POST-OPERATIVE HOSPITALISATION

Painkillers, anti-nausea and anti-spasm medications are given to ensure that the patient wakes up comfortably and safely when the surgery is over. After 2 hours following surgery, the patient may feel relatively well. After 4 hours, the patient can get out of bed, go to the toilet, walk in the corridor.

POSTOPERATIVE DAY 1

Patients can start drinking water with small sips in the first day. The first goal is to get used to a small, new stomach. Need of fluid, salt and sugar is suplied with serum.

Mobility and deep breathing are very important for a rapid and problem-free healing. Anti-embolic sock should be worn and patients should frequently walk during the hospital stay in order to minimize the risk of clot formation in leg vessels. To prevent lung functions, patients should breath as deeply as possible and do respiratory exercises with recommended devices.

POSTOPERATIVE DAY 2

Blood tests are analyzed to check the health status. You are recommended to drink one tea glass of water per hour as long as you are awake. You should drink at least 1.5 liters of water a day. You can achieve it by increasing the amount gradually. Walking and respiratory exercises should be continued.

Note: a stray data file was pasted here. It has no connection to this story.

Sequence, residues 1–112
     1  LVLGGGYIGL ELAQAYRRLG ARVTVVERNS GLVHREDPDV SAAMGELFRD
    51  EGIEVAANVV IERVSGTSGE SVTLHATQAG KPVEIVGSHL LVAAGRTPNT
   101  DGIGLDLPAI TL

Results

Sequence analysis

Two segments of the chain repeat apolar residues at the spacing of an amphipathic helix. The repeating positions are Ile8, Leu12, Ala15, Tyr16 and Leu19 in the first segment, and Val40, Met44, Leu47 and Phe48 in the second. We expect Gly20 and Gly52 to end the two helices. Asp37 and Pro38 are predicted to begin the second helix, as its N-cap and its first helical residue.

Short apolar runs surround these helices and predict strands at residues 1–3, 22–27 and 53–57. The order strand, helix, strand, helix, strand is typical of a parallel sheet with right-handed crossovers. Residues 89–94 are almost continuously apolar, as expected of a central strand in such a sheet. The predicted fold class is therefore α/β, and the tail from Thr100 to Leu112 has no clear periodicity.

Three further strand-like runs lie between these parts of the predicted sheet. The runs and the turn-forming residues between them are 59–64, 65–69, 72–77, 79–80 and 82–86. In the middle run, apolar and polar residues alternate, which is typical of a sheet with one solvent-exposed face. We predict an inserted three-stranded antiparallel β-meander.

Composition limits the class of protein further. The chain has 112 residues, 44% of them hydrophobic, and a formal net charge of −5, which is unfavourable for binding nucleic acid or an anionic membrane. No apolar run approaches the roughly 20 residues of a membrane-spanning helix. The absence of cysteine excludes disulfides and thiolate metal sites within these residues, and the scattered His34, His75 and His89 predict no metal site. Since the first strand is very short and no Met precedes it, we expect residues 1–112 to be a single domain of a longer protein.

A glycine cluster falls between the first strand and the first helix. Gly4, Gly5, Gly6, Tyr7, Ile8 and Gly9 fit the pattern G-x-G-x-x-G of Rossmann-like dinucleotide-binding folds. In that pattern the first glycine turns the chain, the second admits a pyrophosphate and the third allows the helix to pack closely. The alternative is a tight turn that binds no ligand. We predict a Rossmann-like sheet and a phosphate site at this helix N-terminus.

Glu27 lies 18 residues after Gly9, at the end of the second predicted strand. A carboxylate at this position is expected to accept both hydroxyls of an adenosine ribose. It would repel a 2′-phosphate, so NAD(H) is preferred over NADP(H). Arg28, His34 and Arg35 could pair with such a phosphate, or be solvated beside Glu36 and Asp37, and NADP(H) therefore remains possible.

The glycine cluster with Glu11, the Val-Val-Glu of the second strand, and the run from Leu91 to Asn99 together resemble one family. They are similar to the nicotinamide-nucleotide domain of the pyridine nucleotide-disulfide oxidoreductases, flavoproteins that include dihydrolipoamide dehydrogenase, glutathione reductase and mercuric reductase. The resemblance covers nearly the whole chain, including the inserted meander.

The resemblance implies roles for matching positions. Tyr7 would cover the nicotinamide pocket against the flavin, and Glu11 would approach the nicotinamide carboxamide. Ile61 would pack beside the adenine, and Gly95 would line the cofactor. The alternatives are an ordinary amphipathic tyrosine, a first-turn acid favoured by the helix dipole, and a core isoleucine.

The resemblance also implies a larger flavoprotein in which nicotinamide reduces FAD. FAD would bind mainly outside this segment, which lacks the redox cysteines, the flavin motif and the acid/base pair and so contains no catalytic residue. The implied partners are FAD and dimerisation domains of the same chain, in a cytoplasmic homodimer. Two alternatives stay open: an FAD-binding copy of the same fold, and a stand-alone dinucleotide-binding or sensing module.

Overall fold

The new, small stomach is visualized with computed tomography. For this purpose, approximately one cup of contrast medium (dye) is drunk. Stomach passage and integrity are confirmed. After the CT scan, other liquids can begin to drink.

POSTOPERATIVE DAY 3

Nutrition is continued with clear liquid foods. Amount and variety of liquid foods are increased in line with the recommendations of the dietician. If sufficient amount of fluid is tolerated, the need to the intravenous fluid support decreases.

You are recommended to walk frequently throughout the hospital stay. You should continue wearing anti-embolism socks. Tablet forms of the drugs can swallow.

POSTOPERATIVE DAY 4

Blood tests are repeated to check the health status. The abdominal drain is removed. This is a simple and painless procedure. The diet and medications are arranged and thus, the hospital stay is completed.

There is no standardized practice for postoperative follow-up which is accepted by all bariatric clinics. This is our clinical practice as described here.

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